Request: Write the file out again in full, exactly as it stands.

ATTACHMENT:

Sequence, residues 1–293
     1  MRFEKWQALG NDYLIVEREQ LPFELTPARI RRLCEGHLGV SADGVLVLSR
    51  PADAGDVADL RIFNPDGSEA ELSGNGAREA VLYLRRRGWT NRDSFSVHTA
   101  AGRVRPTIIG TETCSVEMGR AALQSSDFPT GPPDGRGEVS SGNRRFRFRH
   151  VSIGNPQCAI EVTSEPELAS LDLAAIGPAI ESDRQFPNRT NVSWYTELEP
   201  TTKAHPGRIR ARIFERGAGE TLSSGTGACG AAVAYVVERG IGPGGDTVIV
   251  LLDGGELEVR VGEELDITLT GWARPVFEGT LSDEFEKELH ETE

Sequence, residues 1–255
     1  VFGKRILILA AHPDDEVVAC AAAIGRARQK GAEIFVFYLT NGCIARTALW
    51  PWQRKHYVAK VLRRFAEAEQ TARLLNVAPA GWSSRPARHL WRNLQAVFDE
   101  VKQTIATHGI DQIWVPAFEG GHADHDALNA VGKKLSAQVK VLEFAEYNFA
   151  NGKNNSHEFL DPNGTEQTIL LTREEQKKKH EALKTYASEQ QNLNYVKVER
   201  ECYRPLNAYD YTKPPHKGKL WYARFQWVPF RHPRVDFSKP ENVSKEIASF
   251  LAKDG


Sequence, residues 1–293
     1  MRFEKWQALG NDYLIVEREQ LPFELTPARI RRLCEGHLGV SADGVLVLSR
    51  PADAGDVADL RIFNPDGSEA ELSGNGAREA VLYLRRRGWT NRDSFSVHTA
   101  AGRVRPTIIG TETCSVEMGR AALQSSDFPT GPPDGRGEVS SGNRRFRFRH
   151  VSIGNPQCAI EVTSEPELAS LDLAAIGPAI ESDRQFPNRT NVSWYTELEP
   201  TTKAHPGRIR ARIFERGAGE TLSSGTGACG AAVAYVVERG IGPGGDTVIV
   251  LLDGGELEVR VGEELDITLT GWARPVFEGT LSDEFEKELH ETE

Sequence, residues 1–255
     1  VFGKRILILA AHPDDEVVAC AAAIGRARQK GAEIFVFYLT NGCIARTALW
    51  PWQRKHYVAK VLRRFAEAEQ TARLLNVAPA GWSSRPARHL WRNLQAVFDE
   101  VKQTIATHGI DQIWVPAFEG GHADHDALNA VGKKLSAQVK VLEFAEYNFA
   151  NGKNNSHEFL DPNGTEQTIL LTREEQKKKH EALKTYASEQ QNLNYVKVER
   201  ECYRPLNAYD YTKPPHKGKL WYARFQWVPF RHPRVDFSKP ENVSKEIASF
   251  LAKDG